Last week saw me in my home town of Glasgow for the Champions League final. When news of my success in applying for tickets on www.uefa.com reached me, Manchester United were still in contention and the temptation of selling was not inconsiderable. But when United met their end, I watched the value of my tickets – cited by many as being worth 20 times their face value – go into freefall.
Market conditions had changed and I accepted this without question.
Some time ago, the ABI's Mary Francis referred to the FSA as the “Provisional” wing of the Consumers' Association. Observing the recent ABI communication on endowments, you could be forgiven for wondering whether the ABI is the “Real CA”.
Before anyone suggests that I am of the myopic no-one-ever-missold-an-endowment gang, let me reassure you that I concede that endowments have steadily become a less than appropriate way to repay a mortgage, given recent market conditions.
But the ABI has made no attempt to put the other side of the argument concerning historically low interest rates or expressed the shortfall in today's terms.
If the rapidly changing market in football tickets is understood by many of the public, why can they not be expected to understand a change in investment market conditions?
I admit that this article is a bit of a follow-on from my last column where I bemoaned the lack of an effective lobby regarding the value of financial advice.
The ABI is enthused by advice provided at a low cost for those with less than average earnings yet presumably with similar liabilities as with the other extreme of the market.
I am not convinced that many providers have realised that the music has started again and they need to move on. Far too many providers believe that the changes from CP121 will occur in a format which will allow them to carry on the way they have done for the last 200 years or so.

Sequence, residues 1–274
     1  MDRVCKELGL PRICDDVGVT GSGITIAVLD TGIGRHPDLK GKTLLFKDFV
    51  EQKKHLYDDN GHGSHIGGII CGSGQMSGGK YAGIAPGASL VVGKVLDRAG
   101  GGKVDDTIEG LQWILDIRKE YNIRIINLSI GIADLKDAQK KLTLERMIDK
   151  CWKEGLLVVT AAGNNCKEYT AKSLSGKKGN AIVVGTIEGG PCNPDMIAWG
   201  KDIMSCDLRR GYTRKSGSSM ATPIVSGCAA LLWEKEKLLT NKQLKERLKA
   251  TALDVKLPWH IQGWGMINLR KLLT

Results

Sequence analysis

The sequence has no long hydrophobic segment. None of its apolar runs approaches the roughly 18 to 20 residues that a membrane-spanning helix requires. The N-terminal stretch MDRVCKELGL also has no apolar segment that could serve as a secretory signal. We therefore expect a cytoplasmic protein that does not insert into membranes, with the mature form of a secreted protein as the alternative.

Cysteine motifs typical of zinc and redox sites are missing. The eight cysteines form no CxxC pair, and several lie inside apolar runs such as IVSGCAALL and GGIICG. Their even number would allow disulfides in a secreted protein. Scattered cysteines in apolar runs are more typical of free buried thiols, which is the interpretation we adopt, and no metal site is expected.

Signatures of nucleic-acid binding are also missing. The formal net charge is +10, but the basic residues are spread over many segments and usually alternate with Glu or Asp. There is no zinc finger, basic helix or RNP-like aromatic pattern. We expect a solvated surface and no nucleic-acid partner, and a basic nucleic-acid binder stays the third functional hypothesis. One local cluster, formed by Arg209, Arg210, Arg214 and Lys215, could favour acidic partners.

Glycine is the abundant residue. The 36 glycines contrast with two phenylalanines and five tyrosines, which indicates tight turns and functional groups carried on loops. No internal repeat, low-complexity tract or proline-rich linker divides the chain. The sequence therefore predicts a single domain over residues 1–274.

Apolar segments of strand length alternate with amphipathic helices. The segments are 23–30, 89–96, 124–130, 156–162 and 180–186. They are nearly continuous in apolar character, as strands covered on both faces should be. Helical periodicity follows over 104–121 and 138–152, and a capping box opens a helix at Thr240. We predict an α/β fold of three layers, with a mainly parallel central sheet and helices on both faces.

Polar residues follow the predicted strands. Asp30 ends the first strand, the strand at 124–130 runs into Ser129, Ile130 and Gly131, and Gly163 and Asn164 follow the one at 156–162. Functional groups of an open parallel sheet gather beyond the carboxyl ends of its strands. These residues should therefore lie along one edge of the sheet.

The endowment issue forces me to conclude that the easy target remains the adviser – the adviser who had no input on product design, on product charges or on investment strategy (or lack of one) to which these products were subjected.
In short, I fail to understand why the actuarial profession has not been brought to account. After all, who set the product charges and deemed them workable? Who set the premiums based on anticipated investment returns and who, in many cases, had direct involvement in setting investment strategy?
The adviser had no option but to defer to the professional actuary who now sits on the sidelines waiting for the next industry review.
Perhaps it is the imminent end of the pension review that is causing this review by capitulation. Whatever the drivers, the move to provide low-cost advice seems to ignore the fact that the fixed cost of providing any advice remains the main culprit.
The ABI must not fall into the trap of meekly accepting the call for a review of endowment sales. It should be there to provide the balance in the arguments, which seem to be based on the concept that the public have the right to expect nothing in the investment world to be subject to change.
Given recent suggestions in the consultative paper issued by the FSA on pension projections that we consider stochastic illustrations, this seems to be at odds with that premise.
But then, if nothing changed, United would have made it to the Champions League final. Change is essential and inevitable. The ABI would do well to remember that.
Robert Reid is principal of Syndaxi Financial Planning